Effect of short-term intensive insulin therapy on α-cell fun
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The effect of intensive insulin therapy on hyperglucagonemia in newly diagnosed type 2 diabetes (T2DM), and its associations with β-cell function, has not been elucidated. This study assessed the effect of 12 weeks of intensive insulin therapy on hyperglucagonemia in newly diagnosed T2DM and its associations with β-cell function, with reference to the effects of 12 weeks of oral hypoglycemic agents (OHAs).

One hundred eight patients with newly diagnosed T2DM were enrolled from January 2015 to December 2015. The patients were randomly divided to receive, for 12 weeks, either intensive insulin therapy or OHAs. Meal tolerance tests were conducted at baseline before treatment (0 week), at 12 weeks (end of treatment), and 12 months after the initiation of treatment. The levels of glucagon, proinsulin, C-peptide (CP), and blood glucose were measured at timepoints 0, 30, and 120 minutes during the meal tolerance test.

Intensive insulin treatment was associated with a decrease in glucagon levels (at 0, 30, and 120 minutes) and proinsulin/CP, and an increase in the insulin-secretion index, at 12 weeks and 12 months during the follow-up, compared with the corresponding effects of OHAs. Intensive insulin therapy could reduce but failed to normalize glucagon levels at 12 weeks. There were no correlations between the change of percentages in total area under the curve of glucagon and other glycemic parameters. Patients who received intensive insulin therapy were more likely to achieve their target glycemic goal and remission, compared with those who received OHAs.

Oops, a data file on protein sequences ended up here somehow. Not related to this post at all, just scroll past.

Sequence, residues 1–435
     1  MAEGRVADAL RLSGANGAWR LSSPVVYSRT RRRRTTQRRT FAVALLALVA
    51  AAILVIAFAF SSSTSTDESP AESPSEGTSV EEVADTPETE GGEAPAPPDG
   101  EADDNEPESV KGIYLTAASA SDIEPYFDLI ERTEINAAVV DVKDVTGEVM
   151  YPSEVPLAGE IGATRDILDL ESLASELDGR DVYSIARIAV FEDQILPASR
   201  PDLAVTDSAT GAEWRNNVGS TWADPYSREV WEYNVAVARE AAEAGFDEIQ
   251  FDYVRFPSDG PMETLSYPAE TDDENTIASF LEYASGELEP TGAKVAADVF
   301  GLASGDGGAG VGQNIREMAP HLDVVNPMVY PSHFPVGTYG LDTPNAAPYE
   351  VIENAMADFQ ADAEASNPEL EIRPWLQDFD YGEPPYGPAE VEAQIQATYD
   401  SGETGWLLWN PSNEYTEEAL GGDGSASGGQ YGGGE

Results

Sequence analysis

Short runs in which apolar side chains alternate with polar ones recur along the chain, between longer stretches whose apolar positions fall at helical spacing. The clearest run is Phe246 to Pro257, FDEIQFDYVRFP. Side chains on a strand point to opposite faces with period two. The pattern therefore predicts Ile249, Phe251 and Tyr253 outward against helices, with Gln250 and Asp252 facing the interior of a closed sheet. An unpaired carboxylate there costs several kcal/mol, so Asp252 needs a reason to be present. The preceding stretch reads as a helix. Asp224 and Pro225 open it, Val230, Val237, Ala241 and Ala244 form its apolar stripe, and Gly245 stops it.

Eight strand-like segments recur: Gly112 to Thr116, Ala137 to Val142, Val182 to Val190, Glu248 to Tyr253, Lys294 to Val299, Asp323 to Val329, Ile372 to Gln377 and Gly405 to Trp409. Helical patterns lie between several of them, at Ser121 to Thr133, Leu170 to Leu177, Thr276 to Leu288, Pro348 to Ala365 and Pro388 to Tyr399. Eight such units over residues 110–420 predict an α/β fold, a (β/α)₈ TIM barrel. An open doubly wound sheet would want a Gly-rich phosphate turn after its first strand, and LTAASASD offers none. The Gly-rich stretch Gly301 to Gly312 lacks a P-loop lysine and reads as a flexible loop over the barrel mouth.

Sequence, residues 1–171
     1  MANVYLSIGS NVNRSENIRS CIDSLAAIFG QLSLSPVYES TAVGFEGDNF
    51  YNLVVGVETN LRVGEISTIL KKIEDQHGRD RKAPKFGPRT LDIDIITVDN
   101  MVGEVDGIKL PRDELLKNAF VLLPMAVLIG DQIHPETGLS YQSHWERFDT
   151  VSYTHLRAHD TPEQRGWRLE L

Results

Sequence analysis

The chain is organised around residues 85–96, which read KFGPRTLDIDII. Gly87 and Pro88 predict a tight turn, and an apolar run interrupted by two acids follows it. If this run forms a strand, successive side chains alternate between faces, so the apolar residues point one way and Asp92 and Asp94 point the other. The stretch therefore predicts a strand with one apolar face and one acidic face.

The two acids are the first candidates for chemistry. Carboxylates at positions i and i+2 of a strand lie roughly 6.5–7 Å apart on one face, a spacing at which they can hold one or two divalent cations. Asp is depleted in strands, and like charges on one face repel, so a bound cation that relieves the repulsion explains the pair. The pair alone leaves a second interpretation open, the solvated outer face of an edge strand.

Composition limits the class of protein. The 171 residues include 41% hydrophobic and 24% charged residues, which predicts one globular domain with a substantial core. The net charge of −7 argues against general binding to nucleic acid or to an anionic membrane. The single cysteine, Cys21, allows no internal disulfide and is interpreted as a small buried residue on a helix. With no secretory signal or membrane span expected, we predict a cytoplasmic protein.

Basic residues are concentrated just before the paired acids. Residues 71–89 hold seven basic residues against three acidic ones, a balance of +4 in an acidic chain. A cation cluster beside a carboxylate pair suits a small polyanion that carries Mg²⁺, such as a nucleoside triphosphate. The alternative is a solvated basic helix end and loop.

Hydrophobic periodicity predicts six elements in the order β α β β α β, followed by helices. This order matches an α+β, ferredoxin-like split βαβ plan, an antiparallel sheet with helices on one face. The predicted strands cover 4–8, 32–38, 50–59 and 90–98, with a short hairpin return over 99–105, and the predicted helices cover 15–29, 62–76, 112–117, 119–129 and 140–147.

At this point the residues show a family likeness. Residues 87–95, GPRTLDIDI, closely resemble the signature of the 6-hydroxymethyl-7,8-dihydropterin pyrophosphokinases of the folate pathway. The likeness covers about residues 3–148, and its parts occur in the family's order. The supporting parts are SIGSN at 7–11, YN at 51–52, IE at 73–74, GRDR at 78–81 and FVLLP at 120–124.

Short-term intensive insulin therapy facilitates the improvement of both β-cell and α-cell function in newly diagnosed T2DM mellitus. Decline of β-cell secretion and concomitant α-cell dysfunction may both be involved in the pathogenesis of T2DM.

Source: https://journals.lww.com/md-journal/Fulltext/2020/04030/Effect_of_short_term_intensive_insulin_therapy_on.52.aspx
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